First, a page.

May 8, 2014
150
50
45
I don't think my bike has any kill switches on the brake levers...but I'm not sure it needs any. It's BH with Panasonic crank drive. As soon as I stop pedalling the power stops.
 

trex

Esteemed Pedelecer
May 15, 2011
7,703
2,669
brake sensor kills PAS power and is not needed if PAS is not used.
 
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John Galvin

Pedelecer
May 14, 2014
76
2
50
Just been down to my LBS and he reckons I'll be grand, even though the little socket to hold the cable is a little bigger. I'll put a single switch in for now, as the other brake lever interferes with the gears.
Maybe later I'll have a look at the hidden brake sensors etc.

brake sensor kills PAS power and is not needed if PAS is not used.
I'll be using PAS so it looks like they will be needed.
For now, I think I'll sort out the cable issue and use a single ebike brake lever.
 
Last edited:

drsolly

Pedelecer
Jan 21, 2014
196
60
70
I liked the idea of using a defunct cycle computer to make a brake sensor. But I checked, and I dont have a broken cycle computer in my "Box of bits".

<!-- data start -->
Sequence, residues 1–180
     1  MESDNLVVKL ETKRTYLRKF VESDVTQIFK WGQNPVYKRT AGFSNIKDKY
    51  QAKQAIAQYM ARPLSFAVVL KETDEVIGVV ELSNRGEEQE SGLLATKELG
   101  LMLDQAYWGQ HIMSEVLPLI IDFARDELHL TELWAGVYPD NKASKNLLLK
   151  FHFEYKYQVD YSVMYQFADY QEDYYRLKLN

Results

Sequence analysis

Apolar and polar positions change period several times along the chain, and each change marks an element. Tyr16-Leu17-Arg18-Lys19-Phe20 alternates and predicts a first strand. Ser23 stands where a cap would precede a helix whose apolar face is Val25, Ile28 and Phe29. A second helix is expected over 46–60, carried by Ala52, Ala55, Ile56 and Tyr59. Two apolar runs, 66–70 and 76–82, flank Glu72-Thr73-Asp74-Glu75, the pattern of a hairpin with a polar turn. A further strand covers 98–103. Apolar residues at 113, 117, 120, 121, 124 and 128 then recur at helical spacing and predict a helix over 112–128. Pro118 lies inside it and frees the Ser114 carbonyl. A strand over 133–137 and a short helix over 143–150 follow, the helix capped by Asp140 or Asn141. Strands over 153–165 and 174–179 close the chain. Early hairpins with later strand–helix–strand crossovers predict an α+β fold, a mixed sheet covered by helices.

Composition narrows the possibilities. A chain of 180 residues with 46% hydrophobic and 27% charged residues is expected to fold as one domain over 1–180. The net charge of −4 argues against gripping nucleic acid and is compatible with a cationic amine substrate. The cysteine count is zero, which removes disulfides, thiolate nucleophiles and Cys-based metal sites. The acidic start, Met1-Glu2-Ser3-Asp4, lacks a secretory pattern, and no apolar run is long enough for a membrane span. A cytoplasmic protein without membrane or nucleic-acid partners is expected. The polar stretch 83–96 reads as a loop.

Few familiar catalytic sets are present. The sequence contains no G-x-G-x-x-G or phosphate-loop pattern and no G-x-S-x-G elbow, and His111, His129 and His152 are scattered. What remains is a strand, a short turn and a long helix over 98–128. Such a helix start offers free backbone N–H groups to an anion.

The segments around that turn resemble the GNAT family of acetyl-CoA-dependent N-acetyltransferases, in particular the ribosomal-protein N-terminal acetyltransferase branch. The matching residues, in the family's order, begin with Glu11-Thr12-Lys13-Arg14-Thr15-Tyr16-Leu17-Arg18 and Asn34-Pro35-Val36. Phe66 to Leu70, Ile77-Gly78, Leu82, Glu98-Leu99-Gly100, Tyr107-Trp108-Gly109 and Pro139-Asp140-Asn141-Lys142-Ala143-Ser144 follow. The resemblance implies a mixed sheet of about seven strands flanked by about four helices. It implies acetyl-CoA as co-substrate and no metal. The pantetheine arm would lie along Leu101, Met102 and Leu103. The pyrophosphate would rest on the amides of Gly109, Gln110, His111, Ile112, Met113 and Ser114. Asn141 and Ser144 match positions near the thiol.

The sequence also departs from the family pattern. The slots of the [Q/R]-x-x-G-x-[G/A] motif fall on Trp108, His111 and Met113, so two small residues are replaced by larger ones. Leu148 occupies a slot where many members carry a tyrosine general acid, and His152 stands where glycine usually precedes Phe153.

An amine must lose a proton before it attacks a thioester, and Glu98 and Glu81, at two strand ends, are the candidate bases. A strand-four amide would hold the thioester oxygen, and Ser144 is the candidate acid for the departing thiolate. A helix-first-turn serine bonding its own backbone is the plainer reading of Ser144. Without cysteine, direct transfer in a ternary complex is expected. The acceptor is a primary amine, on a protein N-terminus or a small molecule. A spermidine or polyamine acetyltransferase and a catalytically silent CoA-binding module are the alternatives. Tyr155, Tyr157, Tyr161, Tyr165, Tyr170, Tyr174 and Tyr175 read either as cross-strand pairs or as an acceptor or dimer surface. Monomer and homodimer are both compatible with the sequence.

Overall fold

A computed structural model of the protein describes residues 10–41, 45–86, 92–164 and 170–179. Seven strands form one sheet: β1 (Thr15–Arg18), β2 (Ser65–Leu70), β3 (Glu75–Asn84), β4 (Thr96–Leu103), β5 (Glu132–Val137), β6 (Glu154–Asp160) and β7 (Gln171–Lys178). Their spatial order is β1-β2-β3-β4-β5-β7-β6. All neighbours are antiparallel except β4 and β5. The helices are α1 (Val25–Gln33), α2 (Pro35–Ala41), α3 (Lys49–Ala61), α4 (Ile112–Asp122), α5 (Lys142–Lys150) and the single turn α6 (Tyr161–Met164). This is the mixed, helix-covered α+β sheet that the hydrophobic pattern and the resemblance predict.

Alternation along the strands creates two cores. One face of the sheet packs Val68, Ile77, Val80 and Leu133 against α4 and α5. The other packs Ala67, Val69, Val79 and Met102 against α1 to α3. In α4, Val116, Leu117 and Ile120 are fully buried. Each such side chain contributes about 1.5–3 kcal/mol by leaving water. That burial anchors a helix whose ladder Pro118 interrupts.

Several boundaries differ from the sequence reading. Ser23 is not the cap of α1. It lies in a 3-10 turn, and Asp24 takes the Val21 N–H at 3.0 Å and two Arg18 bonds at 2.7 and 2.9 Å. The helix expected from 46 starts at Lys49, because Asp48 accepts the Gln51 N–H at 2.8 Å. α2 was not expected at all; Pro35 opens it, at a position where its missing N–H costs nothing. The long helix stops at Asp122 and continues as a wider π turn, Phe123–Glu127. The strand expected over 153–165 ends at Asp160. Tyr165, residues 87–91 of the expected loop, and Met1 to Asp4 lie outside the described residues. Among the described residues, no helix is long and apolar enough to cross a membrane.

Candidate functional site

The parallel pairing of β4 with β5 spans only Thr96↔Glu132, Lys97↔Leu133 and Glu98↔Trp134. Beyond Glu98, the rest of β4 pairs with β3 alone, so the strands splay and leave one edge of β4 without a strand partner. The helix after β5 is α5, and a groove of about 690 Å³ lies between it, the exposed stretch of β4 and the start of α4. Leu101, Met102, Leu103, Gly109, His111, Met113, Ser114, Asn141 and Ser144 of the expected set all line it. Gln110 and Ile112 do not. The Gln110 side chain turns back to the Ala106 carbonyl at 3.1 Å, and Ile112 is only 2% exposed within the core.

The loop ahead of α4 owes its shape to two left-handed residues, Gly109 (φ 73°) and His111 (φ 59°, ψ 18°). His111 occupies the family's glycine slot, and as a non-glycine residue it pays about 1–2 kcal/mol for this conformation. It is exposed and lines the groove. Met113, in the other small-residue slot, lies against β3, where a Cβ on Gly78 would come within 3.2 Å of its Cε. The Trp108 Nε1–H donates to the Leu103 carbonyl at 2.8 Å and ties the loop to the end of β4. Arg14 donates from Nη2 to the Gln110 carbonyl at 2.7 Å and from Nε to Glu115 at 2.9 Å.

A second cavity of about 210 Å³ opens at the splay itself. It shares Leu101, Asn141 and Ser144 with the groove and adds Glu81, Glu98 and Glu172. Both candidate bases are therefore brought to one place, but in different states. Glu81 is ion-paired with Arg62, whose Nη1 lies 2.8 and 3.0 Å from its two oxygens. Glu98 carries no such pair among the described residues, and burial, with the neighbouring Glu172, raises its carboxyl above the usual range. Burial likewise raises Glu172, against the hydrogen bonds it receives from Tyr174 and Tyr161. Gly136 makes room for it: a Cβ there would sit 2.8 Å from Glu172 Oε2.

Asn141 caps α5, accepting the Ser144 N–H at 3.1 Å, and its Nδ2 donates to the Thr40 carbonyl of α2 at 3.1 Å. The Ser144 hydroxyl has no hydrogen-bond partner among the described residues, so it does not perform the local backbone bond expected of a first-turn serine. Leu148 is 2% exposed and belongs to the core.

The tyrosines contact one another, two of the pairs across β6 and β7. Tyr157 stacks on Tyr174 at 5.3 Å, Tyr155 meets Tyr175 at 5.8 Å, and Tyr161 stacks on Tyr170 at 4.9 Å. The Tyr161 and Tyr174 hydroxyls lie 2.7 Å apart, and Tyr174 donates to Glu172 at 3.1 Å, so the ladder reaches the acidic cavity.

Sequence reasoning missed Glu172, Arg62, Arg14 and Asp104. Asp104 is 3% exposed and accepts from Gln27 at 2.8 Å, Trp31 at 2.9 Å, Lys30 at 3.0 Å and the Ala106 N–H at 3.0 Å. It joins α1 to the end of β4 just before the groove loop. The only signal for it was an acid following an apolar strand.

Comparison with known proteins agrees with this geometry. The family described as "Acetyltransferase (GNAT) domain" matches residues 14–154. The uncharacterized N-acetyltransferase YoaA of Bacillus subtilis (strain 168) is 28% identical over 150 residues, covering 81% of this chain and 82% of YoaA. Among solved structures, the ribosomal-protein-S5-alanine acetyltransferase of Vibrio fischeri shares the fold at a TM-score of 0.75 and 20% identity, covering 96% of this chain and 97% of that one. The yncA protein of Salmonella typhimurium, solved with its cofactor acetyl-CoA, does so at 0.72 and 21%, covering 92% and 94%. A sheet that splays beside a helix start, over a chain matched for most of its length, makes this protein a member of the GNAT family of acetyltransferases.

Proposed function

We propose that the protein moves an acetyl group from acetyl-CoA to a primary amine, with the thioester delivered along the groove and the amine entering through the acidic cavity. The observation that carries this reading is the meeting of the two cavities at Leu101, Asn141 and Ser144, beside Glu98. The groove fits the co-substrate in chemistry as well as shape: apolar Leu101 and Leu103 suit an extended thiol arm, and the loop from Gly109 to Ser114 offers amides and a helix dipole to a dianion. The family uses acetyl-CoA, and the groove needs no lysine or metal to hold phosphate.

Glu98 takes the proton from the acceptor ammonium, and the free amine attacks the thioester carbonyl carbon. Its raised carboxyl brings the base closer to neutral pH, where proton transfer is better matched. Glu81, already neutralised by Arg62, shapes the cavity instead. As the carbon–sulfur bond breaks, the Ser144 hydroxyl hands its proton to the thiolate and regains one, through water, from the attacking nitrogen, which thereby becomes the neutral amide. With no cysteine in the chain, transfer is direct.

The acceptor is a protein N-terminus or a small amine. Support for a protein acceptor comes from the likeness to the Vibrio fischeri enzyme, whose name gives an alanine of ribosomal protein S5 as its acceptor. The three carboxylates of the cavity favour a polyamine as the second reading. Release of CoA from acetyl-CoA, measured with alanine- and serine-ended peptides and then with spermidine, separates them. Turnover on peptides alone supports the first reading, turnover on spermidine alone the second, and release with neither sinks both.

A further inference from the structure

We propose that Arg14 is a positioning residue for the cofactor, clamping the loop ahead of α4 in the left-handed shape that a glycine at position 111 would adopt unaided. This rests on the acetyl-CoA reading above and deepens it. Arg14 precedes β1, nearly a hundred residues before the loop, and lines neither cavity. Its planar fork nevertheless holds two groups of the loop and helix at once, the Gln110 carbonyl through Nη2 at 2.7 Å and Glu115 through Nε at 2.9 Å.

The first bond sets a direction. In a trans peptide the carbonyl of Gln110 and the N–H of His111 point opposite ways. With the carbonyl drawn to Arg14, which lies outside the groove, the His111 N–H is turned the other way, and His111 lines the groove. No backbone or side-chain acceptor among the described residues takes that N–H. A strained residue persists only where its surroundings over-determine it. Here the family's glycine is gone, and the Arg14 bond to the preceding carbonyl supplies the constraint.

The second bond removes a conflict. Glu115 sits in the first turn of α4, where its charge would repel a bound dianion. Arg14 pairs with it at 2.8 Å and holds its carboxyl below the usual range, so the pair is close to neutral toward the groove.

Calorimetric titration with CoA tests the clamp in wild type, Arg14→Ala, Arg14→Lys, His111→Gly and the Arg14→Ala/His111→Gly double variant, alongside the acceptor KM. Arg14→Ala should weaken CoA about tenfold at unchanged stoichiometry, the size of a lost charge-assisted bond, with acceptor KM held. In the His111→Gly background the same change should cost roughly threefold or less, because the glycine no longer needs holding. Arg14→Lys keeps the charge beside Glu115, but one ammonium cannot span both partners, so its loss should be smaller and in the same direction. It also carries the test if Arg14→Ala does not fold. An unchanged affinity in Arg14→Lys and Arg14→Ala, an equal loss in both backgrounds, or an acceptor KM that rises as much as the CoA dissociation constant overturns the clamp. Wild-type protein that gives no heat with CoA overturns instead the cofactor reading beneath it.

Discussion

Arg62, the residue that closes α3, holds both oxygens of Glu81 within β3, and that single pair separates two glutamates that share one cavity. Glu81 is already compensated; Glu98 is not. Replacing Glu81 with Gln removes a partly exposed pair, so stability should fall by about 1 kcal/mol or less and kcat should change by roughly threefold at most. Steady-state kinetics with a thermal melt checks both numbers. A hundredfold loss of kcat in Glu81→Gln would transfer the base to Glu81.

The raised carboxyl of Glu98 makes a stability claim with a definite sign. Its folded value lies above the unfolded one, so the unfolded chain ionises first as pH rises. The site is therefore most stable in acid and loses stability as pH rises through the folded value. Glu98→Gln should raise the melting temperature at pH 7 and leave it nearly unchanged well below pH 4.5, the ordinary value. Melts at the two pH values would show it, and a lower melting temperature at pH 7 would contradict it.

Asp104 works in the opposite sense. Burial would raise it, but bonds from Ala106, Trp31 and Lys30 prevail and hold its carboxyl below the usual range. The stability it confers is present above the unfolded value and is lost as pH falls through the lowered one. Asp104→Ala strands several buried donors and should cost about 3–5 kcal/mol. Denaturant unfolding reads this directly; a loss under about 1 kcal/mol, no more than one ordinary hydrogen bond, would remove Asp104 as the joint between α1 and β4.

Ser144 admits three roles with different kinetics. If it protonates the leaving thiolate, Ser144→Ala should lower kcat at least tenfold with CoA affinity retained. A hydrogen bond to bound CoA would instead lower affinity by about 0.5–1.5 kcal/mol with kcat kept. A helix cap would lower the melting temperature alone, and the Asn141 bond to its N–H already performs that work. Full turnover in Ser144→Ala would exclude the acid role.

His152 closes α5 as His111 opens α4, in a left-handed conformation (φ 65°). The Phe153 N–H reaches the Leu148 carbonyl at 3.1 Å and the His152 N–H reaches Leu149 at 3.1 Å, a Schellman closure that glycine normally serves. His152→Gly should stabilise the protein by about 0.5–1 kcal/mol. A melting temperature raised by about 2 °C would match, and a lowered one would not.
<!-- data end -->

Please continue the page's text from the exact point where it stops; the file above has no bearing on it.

I could buy an HWBS from batterybikekit.com for $7.90, or for $12 from em3ev.com. Plus postage from the USA. Plus (possibly) VAT, plus any other random taxes that DHL might dun me for. Or I can go to alibaba.com or aliexpress.com and pay about £8 each. Or, on Ebay, I could buy a couple of electric bike brake levers, but I prefer to use a combined brake/gear shifter from Shimano. I can't find an HWBS on Ebay.

So I could buy a cycle computer, cit the wire and just use the sensor, but that doesn't feel right.

So I ordered a normally-open reed switch. Ten for 99p, including delivery, from Ebay. And with one of those, and a magnet, and a length of thin wire, I think I can make my own.

Since I mostly use the rear brake (left hand side) for slowing, I'll fit it there first, because that's what I'd grab at first in any need to stop.
 
D

Deleted member 4366

Guest
Building a bike is dead simple. It's the decisions that are difficult!